Taking grace for granted

When I was in boot camp, I had to climb a tall diving board and jump off, just as if I were abandoning ship. If I survived the fall and belly flop, I then had to take off my shirt, tie the sleeves and hold on, as I quickly swept the shirt over my head. (Ever try to that in water?) The air captured in the shirt was supposed to keep me afloat, although I took on enough water to almost visit Davey Jones’ locker – the bottom of the sea, the resting place of drowned mariners. We should have had the test on deep sea diving.

I imagined myself transported instantaneously to the bottom of the ocean. What’s the very first thing I would do? That’s right: die. I would die because I don’t have the right breathing apparatus to live underwater.

It’s much the same with our soul. In its natural state, it isn’t fit for heaven. It doesn’t have the right equipment, and if you die with your soul in its natural state, heaven won’t be for you. What we need to live there is supernatural life, not just natural life. That supernatural life is called sanctifying grace.

A recent Sunday gospel reading was centered on grace. Christianity is supremely a religion of grace. Grace teaches us that God does for others what we would never do for them. We would save the not-so-bad. God starts with prostitutes and then works downward from there. Grace is a gift that costs everything to the giver and nothing to the receiver. It is given to those who do not deserve it, barely recognize it and hardly appreciate it. In the end grace means that no one is too bad to be saved.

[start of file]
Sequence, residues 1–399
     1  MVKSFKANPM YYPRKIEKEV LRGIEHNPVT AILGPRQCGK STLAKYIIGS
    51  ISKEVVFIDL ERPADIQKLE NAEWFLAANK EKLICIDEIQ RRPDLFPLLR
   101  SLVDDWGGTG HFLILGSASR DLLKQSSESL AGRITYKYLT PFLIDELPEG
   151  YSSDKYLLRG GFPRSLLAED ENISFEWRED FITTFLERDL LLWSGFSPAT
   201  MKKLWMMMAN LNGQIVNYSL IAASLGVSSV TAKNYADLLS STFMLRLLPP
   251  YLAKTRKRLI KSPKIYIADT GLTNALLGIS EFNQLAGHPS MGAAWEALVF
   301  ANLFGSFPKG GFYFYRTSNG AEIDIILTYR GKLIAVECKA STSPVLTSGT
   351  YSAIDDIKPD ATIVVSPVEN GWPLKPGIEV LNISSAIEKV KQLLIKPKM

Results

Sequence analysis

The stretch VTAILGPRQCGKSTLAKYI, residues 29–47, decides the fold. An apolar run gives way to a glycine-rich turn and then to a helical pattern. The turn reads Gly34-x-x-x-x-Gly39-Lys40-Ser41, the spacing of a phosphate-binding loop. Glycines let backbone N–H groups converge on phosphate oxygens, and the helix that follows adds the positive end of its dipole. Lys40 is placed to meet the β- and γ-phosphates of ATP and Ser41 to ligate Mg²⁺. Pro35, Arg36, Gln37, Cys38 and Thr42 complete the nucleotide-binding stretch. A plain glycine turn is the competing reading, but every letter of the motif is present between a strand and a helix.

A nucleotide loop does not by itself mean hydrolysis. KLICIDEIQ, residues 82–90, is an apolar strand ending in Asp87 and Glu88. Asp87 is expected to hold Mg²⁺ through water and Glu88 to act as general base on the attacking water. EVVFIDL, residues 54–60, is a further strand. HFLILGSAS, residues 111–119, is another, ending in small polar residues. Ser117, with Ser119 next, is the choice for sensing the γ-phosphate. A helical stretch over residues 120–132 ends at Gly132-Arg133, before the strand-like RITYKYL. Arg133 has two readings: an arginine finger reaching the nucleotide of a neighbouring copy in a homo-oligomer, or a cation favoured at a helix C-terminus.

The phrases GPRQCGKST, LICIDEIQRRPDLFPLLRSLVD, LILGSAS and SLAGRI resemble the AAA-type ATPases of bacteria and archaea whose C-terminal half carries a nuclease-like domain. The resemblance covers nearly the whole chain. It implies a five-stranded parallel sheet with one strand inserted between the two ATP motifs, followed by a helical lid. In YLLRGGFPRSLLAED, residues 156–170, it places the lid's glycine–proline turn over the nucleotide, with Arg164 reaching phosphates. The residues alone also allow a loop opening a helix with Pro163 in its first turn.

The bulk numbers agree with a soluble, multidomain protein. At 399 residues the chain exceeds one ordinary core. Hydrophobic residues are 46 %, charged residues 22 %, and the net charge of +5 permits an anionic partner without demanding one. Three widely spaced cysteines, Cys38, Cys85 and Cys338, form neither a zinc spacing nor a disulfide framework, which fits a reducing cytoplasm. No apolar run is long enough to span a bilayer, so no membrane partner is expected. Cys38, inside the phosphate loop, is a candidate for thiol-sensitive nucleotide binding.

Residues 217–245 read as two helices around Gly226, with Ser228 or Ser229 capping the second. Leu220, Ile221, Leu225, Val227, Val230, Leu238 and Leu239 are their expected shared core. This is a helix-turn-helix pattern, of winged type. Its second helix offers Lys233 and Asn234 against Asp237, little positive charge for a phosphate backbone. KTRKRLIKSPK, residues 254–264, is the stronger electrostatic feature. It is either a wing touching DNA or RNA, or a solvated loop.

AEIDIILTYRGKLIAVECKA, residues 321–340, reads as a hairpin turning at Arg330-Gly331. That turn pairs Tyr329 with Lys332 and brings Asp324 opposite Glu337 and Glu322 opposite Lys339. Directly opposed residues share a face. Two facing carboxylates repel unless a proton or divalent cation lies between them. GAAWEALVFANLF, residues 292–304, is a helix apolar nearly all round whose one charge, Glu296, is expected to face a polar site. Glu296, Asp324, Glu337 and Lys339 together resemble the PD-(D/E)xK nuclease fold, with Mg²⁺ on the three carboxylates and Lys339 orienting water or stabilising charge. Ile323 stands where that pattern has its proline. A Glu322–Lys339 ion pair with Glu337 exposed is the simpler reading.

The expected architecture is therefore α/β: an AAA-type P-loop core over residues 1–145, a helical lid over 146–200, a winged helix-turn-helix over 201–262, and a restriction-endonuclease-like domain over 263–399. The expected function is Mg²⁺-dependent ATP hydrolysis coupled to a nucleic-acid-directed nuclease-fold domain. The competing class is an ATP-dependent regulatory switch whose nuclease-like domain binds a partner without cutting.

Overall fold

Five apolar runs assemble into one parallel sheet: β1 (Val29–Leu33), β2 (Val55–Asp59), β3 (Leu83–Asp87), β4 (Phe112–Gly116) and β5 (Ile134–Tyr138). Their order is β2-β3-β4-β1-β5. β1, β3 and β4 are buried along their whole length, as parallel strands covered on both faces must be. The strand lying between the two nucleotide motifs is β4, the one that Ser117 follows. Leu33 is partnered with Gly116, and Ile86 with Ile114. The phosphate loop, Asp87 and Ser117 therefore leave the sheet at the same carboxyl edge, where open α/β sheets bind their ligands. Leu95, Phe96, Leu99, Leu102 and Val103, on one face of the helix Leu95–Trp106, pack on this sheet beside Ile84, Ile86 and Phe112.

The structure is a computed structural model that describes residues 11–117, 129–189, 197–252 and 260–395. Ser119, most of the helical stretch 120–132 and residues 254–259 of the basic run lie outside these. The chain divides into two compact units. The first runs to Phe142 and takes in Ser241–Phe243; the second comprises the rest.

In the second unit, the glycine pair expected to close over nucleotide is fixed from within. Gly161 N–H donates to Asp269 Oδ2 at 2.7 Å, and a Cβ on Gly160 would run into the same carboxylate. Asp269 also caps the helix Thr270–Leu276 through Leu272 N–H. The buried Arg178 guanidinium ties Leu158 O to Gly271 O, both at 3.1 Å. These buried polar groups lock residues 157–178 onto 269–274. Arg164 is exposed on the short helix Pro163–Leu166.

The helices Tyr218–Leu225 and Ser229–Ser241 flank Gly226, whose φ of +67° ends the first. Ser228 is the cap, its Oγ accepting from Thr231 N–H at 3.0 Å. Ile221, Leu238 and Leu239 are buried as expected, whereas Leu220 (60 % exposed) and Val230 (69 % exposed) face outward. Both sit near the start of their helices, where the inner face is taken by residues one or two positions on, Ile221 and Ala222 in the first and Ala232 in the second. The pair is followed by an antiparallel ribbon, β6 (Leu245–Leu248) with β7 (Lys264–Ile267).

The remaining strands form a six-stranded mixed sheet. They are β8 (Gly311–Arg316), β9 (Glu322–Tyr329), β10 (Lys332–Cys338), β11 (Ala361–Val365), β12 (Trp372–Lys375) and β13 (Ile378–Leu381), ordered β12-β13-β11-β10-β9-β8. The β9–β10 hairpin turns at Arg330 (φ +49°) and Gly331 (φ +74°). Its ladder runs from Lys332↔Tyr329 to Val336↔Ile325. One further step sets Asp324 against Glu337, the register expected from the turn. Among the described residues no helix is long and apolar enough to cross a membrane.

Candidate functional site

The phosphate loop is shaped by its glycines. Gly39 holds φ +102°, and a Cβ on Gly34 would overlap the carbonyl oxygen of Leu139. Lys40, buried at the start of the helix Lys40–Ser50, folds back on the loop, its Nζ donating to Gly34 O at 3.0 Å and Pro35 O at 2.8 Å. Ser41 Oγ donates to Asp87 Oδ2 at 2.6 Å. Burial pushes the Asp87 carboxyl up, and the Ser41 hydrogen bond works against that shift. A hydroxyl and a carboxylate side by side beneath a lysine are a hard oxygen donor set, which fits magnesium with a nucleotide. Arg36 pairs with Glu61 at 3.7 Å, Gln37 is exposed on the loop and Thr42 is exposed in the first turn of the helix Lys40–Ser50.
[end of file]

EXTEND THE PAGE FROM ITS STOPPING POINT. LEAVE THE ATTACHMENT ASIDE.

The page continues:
It’s so easy to take grace for granted. After a time we come to demand grace just like the workers of the Sunday parable. In the kingdom of God, there is no such thing as merit. God’s grace is granted according to His good pleasure. Many of us identify with the employees who put in a full day’s work, rather than the add-ons at the end of the day. We like to think of ourselves as responsible workers and the employer’s strange behavior baffles us. But, let’s not miss the point of the story: God dispenses gifts, not wages. God’s favor is a gift. Like a gift, the only thing we can do with grace is to receive it.

How do we find God’s grace? Just ask for it. That’s all. It’s really that simple. When we get to heaven, there will be no contest to see who was the most deserving of God’s grace because no one deserved it. There will only be one contest in heaven.

When we look back and see what we were before, when we see the pit from which he rescued us, when we recall how confused we were, when we remember how God reached out and hired us into His family, and how He held us in his hand, and when we see Jesus who loved us and gave himself for us, the only contest will be to see which of us will sing the loudest, “Amazing grace, how sweet the sound, that saved a wretch like me. I once was lost but now am found, was blind but now I see.”

Father Dennis Meinen serves as chaplain at Holy Spirit Retirement Home, Sioux City, for Boy Scouts and Girl Scouts in the diocese and Calix; and Faithful Friar of the Garrigan 4th Degree Assembly of the Knights of Columbus, Algona.

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